Born in Cleveland, Ohio, into a military family, Marilyn Nelson is a three-time finalist for the National Book Award and an accomplished poet, children’s verse author, and translator. She has won two Pushcart Prizes, two Yaddo residencies, fellowships from the National Endowment for the Arts and the Guggenheim Foundation, and the 2012 Frost Medal from the Poetry Society of America. Nelson is a professor emeritus at the University of Connecticut at Storrs and was Connecticut’s poet laureate from 2001 to 2006. In 2013, she was elected as a chancellor of the Academy of American Poets.
Three of Nelson’s collections have been finalists for the National Book Award: The Homeplace (1990), The Fields of Praise: New and Selected Poems (1997), and Carver: A Life in Poems (2001). In Shenandoah, Christian Wiman praised The Homeplace, a family history dating back to the sale of Nelson’s great-great-grandmother into slavery: “The sheer range of [Nelson’s] voice is one of the book’s greatest strengths, varying not only from poem to poem, but within individual poems as well.” Suzanne Gardinier wrote in Parnassus that Nelson’s poetry “reaches back through generations hemmed in on all sides by slavery and its antecedents; all along the way she finds sweetness, and humor, and more complicated truth than its disguises have revealed.” The Fields of Praise: New and Selected Poems revolves around love, racism, motherhood, marriage, and domesticity. Writing in the African American Review, Miller Williams described Nelson’s “quietly lyrical” voice and poems of “simple wisdom and straightforward, indelible stories.”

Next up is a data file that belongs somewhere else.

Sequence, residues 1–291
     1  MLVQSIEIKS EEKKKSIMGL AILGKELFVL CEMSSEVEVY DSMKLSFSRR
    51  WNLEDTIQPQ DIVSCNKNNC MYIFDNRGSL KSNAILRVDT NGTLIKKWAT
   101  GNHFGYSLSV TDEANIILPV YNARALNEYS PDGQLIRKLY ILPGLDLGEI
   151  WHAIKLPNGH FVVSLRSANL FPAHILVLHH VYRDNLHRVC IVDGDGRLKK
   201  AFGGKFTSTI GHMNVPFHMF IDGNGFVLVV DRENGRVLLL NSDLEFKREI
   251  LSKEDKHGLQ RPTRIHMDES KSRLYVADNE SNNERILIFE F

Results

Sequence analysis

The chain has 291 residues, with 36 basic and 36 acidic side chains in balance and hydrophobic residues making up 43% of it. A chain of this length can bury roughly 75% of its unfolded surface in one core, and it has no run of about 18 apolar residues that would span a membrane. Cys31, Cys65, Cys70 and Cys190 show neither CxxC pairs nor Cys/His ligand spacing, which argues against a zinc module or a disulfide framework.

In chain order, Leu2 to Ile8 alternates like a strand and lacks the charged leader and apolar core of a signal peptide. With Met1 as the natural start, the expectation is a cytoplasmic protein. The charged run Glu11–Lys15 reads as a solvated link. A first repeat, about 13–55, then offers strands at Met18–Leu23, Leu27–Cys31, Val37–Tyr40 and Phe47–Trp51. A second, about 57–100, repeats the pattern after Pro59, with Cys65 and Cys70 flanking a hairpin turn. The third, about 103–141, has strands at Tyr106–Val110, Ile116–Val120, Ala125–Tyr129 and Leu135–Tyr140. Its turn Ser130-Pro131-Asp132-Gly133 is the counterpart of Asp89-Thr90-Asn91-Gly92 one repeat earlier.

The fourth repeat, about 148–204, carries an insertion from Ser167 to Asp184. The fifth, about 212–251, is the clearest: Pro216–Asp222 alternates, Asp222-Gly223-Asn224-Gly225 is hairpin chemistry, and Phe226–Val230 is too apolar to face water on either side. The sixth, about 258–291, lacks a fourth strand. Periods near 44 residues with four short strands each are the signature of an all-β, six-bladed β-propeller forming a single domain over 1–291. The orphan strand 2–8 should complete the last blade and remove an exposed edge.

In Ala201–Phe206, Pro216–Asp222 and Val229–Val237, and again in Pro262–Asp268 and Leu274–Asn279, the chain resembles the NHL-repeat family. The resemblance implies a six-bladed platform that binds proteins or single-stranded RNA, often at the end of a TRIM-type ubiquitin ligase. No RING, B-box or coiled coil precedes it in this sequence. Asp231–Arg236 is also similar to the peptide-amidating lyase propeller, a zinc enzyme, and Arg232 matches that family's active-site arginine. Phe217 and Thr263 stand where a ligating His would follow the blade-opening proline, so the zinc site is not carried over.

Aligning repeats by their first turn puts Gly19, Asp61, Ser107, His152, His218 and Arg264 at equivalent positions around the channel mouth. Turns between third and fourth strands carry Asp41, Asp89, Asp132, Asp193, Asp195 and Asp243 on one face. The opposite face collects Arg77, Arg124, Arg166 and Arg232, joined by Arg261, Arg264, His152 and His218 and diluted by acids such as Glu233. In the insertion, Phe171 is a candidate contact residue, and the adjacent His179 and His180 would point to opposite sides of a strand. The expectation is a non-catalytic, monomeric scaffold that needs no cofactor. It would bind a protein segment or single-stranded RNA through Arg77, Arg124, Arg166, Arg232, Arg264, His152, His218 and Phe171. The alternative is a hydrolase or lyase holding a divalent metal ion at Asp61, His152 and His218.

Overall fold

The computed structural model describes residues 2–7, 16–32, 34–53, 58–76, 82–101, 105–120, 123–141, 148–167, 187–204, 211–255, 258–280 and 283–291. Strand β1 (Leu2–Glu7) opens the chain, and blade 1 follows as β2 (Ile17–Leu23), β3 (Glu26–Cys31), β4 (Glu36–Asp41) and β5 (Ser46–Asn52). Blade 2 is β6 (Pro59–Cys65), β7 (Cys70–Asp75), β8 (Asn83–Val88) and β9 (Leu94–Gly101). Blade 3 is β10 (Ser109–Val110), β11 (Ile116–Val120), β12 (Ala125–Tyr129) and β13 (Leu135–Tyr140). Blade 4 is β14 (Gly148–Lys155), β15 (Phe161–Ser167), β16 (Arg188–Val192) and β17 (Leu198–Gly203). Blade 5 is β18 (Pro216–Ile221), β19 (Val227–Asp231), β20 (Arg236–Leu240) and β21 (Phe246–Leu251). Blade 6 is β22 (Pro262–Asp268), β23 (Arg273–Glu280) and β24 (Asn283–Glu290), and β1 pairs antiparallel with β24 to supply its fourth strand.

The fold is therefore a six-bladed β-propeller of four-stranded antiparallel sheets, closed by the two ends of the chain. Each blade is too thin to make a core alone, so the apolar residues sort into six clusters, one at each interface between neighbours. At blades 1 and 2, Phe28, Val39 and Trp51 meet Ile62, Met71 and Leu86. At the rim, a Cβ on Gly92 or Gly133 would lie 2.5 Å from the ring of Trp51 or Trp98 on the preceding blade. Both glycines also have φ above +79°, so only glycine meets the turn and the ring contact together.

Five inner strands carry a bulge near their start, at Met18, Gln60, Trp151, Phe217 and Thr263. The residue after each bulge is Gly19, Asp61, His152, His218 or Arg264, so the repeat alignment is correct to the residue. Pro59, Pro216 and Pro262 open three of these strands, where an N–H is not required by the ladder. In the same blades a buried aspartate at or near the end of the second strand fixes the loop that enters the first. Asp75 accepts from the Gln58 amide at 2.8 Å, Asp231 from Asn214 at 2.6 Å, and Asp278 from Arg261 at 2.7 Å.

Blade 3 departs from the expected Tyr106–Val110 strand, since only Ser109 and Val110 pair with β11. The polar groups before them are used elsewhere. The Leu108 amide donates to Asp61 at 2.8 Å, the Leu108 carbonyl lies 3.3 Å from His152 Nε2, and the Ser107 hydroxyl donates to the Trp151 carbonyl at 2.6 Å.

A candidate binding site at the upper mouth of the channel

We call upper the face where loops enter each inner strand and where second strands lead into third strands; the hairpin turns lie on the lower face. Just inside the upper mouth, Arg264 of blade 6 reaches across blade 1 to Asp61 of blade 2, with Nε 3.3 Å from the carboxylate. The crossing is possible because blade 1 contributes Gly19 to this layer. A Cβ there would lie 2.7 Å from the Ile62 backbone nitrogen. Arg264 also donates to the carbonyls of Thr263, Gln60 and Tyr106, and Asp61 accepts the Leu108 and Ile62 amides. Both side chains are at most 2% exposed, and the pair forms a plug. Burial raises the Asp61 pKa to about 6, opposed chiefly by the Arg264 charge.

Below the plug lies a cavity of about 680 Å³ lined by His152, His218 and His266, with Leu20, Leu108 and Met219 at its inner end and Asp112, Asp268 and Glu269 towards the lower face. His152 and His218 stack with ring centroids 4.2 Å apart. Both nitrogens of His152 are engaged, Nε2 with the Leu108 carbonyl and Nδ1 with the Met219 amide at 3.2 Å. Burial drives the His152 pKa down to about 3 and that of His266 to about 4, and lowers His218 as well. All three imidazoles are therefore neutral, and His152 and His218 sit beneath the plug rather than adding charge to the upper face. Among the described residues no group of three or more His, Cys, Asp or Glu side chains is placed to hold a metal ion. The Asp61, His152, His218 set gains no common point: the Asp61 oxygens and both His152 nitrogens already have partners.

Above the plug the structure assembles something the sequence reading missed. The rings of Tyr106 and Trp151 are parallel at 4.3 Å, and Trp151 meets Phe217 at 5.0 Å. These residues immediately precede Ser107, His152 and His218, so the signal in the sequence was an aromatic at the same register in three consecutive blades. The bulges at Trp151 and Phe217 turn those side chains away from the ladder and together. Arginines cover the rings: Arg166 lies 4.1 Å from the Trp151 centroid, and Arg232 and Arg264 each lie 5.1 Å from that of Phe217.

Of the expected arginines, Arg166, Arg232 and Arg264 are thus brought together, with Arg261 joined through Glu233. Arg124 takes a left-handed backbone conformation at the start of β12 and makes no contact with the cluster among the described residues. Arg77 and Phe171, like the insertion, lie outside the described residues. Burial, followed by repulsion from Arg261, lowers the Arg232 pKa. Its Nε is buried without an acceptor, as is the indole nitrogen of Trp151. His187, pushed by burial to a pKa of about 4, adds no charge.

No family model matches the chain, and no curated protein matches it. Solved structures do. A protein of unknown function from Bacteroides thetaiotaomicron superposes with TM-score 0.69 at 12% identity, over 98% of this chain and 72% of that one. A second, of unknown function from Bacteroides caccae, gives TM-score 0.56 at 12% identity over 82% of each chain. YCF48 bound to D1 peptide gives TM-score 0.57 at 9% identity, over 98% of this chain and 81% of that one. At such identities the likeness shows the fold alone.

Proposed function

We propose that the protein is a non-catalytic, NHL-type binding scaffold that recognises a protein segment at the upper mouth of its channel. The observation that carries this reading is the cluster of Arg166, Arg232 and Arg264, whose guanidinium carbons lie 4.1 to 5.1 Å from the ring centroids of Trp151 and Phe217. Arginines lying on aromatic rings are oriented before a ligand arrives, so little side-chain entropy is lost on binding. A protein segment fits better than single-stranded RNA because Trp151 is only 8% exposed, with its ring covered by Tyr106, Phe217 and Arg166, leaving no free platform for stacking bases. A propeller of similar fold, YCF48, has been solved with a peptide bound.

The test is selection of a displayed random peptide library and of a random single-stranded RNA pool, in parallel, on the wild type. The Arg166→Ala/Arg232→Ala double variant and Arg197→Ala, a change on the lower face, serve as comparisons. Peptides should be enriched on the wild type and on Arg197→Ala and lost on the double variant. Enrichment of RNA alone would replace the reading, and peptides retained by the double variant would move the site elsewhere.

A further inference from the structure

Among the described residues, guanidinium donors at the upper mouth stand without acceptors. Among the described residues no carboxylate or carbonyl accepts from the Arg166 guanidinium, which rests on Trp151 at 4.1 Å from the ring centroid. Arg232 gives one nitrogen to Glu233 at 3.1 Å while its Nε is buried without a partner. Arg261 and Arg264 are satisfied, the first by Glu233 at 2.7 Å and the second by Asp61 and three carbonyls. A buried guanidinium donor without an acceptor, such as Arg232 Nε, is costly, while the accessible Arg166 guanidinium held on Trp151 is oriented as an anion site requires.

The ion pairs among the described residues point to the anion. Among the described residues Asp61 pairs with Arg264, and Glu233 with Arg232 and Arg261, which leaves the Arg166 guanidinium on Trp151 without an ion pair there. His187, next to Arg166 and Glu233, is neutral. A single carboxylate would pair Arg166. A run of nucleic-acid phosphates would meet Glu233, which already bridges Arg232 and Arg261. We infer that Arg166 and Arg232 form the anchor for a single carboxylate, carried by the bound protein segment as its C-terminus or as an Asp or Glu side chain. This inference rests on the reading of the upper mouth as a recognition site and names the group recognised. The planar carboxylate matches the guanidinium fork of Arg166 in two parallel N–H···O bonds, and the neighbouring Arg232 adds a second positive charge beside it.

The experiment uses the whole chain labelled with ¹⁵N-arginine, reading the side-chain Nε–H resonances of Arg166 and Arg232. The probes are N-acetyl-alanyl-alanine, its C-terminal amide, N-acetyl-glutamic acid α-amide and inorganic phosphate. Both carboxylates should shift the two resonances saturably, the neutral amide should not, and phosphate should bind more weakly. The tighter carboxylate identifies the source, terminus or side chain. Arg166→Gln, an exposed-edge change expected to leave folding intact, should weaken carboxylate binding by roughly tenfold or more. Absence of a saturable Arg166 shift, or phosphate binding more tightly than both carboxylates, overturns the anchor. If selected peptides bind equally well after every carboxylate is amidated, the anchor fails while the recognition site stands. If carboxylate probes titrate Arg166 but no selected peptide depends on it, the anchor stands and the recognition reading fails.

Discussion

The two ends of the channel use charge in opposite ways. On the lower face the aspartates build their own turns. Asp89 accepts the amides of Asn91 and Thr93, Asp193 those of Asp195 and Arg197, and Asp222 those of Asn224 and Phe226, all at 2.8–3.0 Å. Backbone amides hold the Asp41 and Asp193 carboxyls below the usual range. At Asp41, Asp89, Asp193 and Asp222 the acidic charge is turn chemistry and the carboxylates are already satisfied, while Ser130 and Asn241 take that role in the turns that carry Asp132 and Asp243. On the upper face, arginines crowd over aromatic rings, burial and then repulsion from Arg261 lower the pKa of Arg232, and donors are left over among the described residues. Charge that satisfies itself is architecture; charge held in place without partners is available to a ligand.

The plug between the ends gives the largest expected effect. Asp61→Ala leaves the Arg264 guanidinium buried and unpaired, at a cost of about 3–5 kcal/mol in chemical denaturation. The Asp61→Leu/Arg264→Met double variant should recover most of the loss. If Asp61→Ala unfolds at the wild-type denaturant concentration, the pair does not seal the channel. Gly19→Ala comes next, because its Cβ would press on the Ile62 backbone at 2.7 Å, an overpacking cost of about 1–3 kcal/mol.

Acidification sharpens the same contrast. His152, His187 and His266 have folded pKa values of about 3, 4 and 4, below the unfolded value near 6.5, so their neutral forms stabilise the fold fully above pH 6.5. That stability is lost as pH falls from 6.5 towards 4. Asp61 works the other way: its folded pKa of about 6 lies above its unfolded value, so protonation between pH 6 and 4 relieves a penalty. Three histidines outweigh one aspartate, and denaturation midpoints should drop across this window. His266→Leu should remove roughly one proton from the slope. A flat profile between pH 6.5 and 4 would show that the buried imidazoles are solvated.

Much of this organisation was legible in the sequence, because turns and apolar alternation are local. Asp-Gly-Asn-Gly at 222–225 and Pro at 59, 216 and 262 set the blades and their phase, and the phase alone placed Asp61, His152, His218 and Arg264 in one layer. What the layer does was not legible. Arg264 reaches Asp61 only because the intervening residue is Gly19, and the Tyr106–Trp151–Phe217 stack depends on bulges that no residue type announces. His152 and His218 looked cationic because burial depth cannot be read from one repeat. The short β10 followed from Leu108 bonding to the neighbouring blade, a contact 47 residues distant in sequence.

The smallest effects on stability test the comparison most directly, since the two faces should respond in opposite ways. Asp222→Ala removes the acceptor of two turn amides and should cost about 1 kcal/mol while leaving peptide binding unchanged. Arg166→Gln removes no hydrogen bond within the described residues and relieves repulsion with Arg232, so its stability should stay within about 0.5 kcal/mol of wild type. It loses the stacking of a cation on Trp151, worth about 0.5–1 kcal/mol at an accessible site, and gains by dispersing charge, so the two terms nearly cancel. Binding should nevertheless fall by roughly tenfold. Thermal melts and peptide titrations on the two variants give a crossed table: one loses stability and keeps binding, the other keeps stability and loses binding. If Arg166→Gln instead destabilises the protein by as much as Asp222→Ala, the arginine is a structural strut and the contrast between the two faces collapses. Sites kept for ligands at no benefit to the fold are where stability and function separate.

In 2001 Nelson published Carver: A Life in Poems, which received numerous nominations and awards, including the Flora Stieglitz Straus Award, the Boston Globe/Horn Book Award, and designation as both a Newbery Honor Book and a Coretta Scott King Honor Book. Through the collection’s 44 poems, Nelson creates a lyrical rendering of the life of George Washington Carver, a renowned and revered African American botanist and inventor widely respected for his scholarly mind, hard work, and humility.
In 2004 Nelson established Soul Mountain Retreat, a writer’s colony that aims to “encourage and support emerging and established poets—especially those belonging to traditionally underrepresented racial or cultural groups.”
Nelson is the daughter of one of the last of the Tuskegee Airmen. Her mother was a teacher. She spent much of her youth living on different military bases and began writing poetry in elementary school. She received her undergraduate degree from the University of California at Davis and holds an MA from the University of Pennsylvania and a PhD from the University of Minnesota.
Articles About MARILYN NELSON
Audio & PodcastsPoem of the Day Poem of the Day Poem of the Day Poem of the Day Poetry Off the Shelf
Marilyn Nelson reads two of her poems.
The Tuskegee Airmen made history during World War II as the country's first black military pilots. Their performance paved the way for the end of racial segregation in the military forces. Poet Marilyn Nelson talks about the struggles and the legacy of these legendary pilots.